Nanography printing combines the characteristics of offset printing with the flexibility of digital printing. No longer do we have to choose between the versatility of digital printing and a low cost per page and high productivity of offset printing. With nanography we get both.
Short evolution of nanography.
We are surrounded by different offset printings with annual incomes in the world of approximately 800 billion dollars.
Digital printing is fast replacing many traditional printed products. What does this mean for the future? Nowadays digital printing takes a very small percentage of the total revenue. To be truly able to take a larger slice of the pie, digital printing has to be competitive in terms of quality, speed, cost, size format and the ability to print on all kinds of material.
Today, the industry offers devices capable of printing on almost all materials, and digital printing is experiencing explosive growth of income. Currently, there are approximately around 50 billion pages that are annually printed worldwide, of which only 2% are printed with digital techniques.
Nanography is preparing a revolution (at least so they say) and wants to take the lead in the field of printing between 5000-30000 pages. Classical techniques of digital printing can not match the price and speed of offset machines in this segment of printing. The nanography will try to change this.
Komori and EFI jumped into the game.
After presenting the project at Drupa 2012, Landa group continued with the development of technology and the development of the first commercial devices Landa S10 in the last quarter of 2014. A hundred test device is already in use and scientists from Landa groups are working on their enhancements based on customer experiences. The seriousness of the project is confirmed by reputable companies that are involved in the project of Nanography.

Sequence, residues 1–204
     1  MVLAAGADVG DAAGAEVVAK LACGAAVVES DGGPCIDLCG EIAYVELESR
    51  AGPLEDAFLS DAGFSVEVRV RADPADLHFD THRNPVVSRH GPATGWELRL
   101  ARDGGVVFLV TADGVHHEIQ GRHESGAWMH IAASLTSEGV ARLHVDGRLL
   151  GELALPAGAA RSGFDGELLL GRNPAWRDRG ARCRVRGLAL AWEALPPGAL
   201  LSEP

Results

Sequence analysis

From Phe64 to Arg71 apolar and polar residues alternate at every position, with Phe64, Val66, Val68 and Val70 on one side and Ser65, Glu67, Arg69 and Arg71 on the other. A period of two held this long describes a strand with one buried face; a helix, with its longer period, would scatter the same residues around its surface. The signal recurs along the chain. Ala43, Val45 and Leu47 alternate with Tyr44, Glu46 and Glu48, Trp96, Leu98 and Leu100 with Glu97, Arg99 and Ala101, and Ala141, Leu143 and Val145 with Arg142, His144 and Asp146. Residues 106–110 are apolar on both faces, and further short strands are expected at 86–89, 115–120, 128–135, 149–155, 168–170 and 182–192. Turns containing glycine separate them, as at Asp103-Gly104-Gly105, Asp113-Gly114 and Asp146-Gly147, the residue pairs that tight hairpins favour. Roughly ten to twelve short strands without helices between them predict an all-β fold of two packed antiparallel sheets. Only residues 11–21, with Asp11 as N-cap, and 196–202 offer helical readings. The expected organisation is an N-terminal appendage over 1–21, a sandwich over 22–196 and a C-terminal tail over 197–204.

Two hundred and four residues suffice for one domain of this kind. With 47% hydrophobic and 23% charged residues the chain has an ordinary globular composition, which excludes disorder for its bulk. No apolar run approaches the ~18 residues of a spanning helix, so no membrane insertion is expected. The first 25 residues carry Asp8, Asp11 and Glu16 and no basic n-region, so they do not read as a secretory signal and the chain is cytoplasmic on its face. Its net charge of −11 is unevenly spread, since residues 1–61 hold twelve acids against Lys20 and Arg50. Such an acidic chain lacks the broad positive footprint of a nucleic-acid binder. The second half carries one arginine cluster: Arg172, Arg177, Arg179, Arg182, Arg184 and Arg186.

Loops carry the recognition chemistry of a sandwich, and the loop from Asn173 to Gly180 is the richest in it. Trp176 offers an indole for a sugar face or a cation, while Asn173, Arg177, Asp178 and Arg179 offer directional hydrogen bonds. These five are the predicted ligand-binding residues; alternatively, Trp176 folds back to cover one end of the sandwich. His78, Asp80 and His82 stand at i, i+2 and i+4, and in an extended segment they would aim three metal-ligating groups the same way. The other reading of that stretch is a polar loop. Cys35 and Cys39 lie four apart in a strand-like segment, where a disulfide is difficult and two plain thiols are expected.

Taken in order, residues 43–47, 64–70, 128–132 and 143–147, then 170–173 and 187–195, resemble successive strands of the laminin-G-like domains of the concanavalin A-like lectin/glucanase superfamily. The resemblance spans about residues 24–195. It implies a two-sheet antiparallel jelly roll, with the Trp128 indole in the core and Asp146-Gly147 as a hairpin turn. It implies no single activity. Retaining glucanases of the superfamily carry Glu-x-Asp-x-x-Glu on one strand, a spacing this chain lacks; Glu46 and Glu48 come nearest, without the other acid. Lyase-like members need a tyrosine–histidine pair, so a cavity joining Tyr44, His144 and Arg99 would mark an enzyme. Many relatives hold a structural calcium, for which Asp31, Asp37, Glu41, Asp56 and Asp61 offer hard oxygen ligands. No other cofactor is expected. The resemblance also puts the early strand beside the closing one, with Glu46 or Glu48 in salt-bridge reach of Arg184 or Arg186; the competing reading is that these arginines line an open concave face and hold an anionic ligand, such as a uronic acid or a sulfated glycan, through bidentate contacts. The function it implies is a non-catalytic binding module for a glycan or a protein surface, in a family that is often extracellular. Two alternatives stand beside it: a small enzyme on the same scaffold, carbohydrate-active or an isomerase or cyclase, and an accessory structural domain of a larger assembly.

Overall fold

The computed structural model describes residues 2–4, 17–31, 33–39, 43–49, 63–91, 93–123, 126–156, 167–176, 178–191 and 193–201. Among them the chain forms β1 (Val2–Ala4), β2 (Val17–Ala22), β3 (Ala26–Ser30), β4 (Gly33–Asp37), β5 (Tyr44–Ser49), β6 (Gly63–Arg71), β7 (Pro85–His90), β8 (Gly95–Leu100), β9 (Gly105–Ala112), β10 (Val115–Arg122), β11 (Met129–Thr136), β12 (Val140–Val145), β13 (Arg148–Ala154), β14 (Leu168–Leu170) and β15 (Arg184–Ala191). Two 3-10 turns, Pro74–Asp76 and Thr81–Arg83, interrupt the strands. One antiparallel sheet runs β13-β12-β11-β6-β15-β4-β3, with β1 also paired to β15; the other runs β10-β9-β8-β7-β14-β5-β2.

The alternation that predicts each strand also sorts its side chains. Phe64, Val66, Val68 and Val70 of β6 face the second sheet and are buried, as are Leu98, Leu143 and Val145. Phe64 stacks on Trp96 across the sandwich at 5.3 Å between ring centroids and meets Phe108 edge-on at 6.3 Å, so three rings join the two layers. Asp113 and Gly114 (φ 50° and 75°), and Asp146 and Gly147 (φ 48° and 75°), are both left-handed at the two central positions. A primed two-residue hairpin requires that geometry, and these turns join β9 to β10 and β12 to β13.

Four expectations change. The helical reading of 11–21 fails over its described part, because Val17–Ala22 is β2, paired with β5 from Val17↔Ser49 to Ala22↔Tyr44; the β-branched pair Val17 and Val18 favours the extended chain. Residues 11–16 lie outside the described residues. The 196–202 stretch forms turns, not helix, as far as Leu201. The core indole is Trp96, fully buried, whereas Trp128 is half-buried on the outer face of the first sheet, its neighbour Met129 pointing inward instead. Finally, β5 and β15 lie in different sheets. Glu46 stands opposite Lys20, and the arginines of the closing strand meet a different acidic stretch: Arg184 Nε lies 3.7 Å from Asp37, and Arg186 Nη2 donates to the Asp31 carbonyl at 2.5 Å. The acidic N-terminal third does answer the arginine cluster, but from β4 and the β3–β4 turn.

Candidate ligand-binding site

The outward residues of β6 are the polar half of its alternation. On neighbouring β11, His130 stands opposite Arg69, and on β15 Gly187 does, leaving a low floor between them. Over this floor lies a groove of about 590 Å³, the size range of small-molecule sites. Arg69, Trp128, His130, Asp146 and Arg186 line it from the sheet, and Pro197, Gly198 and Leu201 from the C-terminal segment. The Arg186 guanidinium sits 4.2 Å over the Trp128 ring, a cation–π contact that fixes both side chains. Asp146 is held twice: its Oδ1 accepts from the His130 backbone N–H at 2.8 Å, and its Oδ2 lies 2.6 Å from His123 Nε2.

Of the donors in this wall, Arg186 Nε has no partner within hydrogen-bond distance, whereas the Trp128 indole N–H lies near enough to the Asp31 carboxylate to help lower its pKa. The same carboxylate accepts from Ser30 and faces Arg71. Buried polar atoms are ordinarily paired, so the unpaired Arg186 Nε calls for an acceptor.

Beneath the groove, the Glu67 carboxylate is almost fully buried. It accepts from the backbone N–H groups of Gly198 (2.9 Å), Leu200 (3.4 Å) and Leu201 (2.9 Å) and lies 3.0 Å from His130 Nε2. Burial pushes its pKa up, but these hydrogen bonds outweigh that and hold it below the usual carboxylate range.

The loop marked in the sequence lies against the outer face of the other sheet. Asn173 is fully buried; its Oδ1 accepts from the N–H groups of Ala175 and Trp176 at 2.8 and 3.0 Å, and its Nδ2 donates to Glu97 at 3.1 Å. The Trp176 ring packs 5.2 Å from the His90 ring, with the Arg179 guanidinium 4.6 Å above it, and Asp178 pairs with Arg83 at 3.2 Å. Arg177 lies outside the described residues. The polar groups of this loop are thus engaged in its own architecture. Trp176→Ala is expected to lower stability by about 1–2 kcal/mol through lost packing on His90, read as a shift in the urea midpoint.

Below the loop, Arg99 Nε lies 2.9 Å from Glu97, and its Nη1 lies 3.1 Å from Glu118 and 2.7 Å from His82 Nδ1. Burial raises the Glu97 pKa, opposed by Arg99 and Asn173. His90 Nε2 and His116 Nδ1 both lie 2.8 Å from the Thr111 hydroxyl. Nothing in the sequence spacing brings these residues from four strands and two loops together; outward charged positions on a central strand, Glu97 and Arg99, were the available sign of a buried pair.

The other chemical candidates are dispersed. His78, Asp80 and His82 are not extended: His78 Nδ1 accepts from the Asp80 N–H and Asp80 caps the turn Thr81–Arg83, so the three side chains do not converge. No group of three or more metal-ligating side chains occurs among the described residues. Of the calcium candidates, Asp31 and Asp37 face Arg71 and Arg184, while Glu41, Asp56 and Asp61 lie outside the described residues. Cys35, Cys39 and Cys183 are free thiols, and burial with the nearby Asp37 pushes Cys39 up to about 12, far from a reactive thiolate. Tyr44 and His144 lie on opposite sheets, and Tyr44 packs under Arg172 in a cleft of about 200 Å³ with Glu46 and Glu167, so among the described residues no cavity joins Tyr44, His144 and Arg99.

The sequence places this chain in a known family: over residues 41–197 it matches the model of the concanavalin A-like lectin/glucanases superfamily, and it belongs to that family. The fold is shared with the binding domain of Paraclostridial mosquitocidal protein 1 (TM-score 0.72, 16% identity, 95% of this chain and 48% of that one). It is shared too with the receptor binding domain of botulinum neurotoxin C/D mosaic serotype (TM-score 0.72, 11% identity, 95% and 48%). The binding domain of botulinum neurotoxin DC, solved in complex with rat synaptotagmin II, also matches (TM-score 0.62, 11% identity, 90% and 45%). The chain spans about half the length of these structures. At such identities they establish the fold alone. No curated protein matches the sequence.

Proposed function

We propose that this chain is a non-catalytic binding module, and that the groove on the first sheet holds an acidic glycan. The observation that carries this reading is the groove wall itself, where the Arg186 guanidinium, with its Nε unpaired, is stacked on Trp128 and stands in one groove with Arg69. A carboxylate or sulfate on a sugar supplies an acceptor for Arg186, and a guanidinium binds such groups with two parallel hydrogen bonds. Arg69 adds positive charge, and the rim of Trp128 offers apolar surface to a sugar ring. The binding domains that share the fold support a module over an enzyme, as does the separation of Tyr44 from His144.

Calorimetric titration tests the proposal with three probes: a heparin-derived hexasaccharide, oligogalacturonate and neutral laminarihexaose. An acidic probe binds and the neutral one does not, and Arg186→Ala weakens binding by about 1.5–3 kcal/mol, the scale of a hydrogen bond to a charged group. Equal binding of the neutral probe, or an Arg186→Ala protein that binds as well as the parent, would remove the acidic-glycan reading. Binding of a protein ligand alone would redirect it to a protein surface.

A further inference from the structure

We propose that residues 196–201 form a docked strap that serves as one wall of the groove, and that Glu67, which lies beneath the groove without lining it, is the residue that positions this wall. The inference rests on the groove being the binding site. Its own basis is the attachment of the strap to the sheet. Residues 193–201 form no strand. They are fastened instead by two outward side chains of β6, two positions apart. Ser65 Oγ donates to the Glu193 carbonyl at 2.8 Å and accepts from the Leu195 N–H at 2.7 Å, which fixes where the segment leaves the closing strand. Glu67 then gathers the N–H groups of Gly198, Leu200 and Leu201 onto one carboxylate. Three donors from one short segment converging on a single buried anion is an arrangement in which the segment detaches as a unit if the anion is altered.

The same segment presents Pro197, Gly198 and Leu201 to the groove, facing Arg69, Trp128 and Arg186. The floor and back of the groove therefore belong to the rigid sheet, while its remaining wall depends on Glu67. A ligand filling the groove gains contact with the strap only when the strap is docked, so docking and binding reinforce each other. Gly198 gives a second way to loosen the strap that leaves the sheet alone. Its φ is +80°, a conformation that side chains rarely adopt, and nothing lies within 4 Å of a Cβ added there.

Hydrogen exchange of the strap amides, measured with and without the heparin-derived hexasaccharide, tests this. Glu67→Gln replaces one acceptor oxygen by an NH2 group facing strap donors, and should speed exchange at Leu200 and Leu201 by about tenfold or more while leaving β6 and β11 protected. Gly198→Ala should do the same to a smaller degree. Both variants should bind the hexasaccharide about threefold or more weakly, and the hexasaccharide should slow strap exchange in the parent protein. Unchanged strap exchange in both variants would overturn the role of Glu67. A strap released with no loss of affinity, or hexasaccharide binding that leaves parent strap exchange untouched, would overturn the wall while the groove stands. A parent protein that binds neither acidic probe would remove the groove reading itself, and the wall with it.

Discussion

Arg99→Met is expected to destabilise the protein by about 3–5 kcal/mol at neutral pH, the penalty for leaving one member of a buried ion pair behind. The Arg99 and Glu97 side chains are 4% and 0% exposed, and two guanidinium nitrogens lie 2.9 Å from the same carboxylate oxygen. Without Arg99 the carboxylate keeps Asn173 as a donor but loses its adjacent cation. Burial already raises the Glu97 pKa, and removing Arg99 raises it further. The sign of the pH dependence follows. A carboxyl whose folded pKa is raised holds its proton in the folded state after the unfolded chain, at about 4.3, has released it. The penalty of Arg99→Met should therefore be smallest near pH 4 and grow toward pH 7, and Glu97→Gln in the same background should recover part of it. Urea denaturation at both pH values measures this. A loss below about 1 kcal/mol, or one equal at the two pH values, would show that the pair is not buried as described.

The production of nanographic printing devices takes over a prominent global manufacturer of printing presses Komori from Japan. Landa group will deliver technology and ink and Komori will deliver hardware. The company EFI Fiery is also involved in this project with rip software to help nanographic printing devices. The newest is that the specialty chemicals Group Altana invests US $135 million in Landa Digital Printing.
The working principle of nanography.
At nanography it comes to an inkjet-system that works with special “nanoink” inks. These water based inks are used pigments with dimensions of only a few nanometers and at the same time has excellent absorption and remission of light. According to the manufacturer, with this ink we can get very sharp, tiny screens.
Extremely lifelike color prints are enabled by using a larger CMYK color range than it was possible by using the previous printing technology. With the ink thickness of only half a micrometer, this procedure gets a much thinner layer of ink than with offset printing which in turn results in lower cost of printing. This is aggravated by the fact that for the transfer of the image needs no further transfer medium, such as a plate in offset-printing, no additional treatment of the surface on which the print is transmitted.
The procedure of printing is relatively simple. By using up to eight colors, the negative with Inkjet ejectors (which are very similar heads) is applied to a heated rubber roller. Because ink contains very little water, it immediately evaporates on contact with the heated roller and remains only 500 nanometers thick film that is, without any residue, transferred directly to the paper. In this procedure paper is not heated, but only roller, so the paper can immediately continue with the rest phases in production.
The polymer film when transmitting only slightly enters into the structure of the media on which is transferred because virtually is free of moisture. Nevertheless, it sticks, similar to the label, on almost any surface. Thus, it is possible to print not only on paper, but also on the surfaces without absorption properties. It is possible, therefore print on cheaper materials, without loss of print quality.